Music provision also varies. Every school covers the bases of appreciation of different composers and genres, musical theory, composition (seniors), singing and playing instruments (juniors). Most junior schools provide for group lessons in, for example, recorder/ocarina, ukulele, strings, woodwind or brass. There will be individual instrument lessons available for a fee, and there will be one or two choirs. Senior schools will have at least one choir and an orchestra/ensemble. After that schools vary in;
- the number of junior years in which an instrument is taught in class,
- the number and competence of choirs and instrument ensembles,
- participation in, and success in, music exams, festivals, competitions, etc,
- the use of composition and recording software; “music technology”,
- the number of showcases, recitals and concerts,
- the number of trips to music concerts, and the number of visiting musicians.
Drama in the creative arts curriculum
Of the five school creative arts subjects, drama has the second least curricular time. More often than not, a junior school teaches drama within the English curriculum, rather than as a standalone subject. When a senior school offers GCSE drama, it will also teach drama in the lower years of senior school. Otherwise it too folds drama into English lessons.
Most junior schools put on at least one annual play or musical in which all the senior year group participates. And there’s also the Nativity play for the younger ones. There are plays at senior school too, but not involving entire year groups.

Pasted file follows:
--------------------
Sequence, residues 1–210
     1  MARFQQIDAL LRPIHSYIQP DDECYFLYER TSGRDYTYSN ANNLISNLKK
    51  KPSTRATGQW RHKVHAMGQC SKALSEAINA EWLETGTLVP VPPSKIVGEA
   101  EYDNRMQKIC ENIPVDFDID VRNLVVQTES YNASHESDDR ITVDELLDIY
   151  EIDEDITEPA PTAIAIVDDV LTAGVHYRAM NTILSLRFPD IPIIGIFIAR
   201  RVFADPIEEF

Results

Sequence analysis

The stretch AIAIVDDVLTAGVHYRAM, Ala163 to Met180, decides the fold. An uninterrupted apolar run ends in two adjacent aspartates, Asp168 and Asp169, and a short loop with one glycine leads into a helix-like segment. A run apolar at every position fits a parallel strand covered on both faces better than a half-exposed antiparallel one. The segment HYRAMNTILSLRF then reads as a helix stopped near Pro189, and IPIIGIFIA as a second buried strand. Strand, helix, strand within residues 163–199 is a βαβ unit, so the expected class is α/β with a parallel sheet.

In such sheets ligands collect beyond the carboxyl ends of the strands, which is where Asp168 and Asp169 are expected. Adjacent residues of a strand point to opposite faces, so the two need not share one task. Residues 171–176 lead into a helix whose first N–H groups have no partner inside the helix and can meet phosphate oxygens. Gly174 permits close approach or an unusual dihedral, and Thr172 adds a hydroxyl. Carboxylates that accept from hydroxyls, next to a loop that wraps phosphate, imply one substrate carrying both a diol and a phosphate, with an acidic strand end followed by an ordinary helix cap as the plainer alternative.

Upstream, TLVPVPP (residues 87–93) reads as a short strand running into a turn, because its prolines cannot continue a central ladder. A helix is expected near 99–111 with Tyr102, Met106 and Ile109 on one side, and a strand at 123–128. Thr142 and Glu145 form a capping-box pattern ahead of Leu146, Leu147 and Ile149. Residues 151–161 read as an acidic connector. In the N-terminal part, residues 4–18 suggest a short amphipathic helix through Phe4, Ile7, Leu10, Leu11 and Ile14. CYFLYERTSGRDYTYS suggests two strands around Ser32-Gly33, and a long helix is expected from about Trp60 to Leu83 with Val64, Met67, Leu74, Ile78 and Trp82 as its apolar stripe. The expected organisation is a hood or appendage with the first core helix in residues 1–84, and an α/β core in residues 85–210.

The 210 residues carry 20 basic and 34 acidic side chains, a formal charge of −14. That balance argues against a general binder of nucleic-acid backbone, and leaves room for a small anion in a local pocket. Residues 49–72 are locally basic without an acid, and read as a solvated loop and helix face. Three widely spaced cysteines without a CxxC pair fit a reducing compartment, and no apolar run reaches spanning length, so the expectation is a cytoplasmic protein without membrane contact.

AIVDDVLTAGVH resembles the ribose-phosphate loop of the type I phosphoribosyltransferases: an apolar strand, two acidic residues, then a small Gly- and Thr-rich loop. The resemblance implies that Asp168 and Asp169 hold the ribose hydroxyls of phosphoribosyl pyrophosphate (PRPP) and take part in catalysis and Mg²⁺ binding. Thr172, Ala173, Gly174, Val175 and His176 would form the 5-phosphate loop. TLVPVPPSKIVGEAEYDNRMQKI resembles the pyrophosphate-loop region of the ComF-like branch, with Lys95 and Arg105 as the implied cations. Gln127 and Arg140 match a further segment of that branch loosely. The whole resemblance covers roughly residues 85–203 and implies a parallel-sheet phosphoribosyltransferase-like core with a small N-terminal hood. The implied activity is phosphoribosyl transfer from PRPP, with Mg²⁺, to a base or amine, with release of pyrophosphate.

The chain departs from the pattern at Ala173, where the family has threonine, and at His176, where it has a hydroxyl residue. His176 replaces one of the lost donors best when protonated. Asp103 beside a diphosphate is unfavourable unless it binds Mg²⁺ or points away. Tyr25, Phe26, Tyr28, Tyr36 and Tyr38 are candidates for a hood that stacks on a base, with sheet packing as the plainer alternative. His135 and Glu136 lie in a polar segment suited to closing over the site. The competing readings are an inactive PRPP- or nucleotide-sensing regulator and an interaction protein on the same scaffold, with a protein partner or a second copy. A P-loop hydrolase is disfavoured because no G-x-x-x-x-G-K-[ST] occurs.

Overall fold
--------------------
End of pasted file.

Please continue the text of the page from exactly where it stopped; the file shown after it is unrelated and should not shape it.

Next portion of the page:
Many schools have an extra-curricular club for drama. Some offer or speech and drama. Speech and drama explores elocution, prose and poetry reading, and small group pieces for exams and competitions.
Dance in the creative arts curriculum
Dance has the least curricular time. Teaching is as “dance and movement” in the PE curriculum up to Year 2. Relatively few schools offer curricular dance through the school. Having said that more schools offer a street dance club than don’t. Unlike other dance forms, boys participate as much as girls in street dance clubs. After street, the most popular dance clubs are the exercise dance forms such as cheerleading, aerobics and Zumba. And there’s a strong showing in some parts of the country for Irish dancing, Bollywood and Strictly. Ballet, Tap and Jazz are better supported in independent schools.
Broadening the creative arts curriculum
There are several charitable organisations seeking to improve the teaching of creative arts. Two of the more prominent in schools are The Arts Council’s Artsmark scheme and Sing Up!
The aim of Artsmark is to raise the profile of, and encourage participation in, a broad range of creative arts (art, music, drama, dance) within a school’s curricular and extracurricular activities. The scheme operates across junior and senior schools, and 70% of state schools participate. Participation of independent schools is lower, possibly reflecting a perceived broader provision in the first place. There are independent junior schools that offer over 20 arts clubs, but the average is four. The average state school offers three. Of the 867 Artsmark Gold Awards, only 43 have been awarded to independents.
With a narrower focus, Sing Up! promotes choir and ensemble singing, initially in primary schools. 98% of state primaries participate in the scheme, of which 10% (about 1700) have an award, silver, gold or platinum, to reflect the degree to which singing is integrated into the curriculum. Again, independent schools’ participation is lower, and of the 134 Platinum Awards, 8 have been awarded to independents.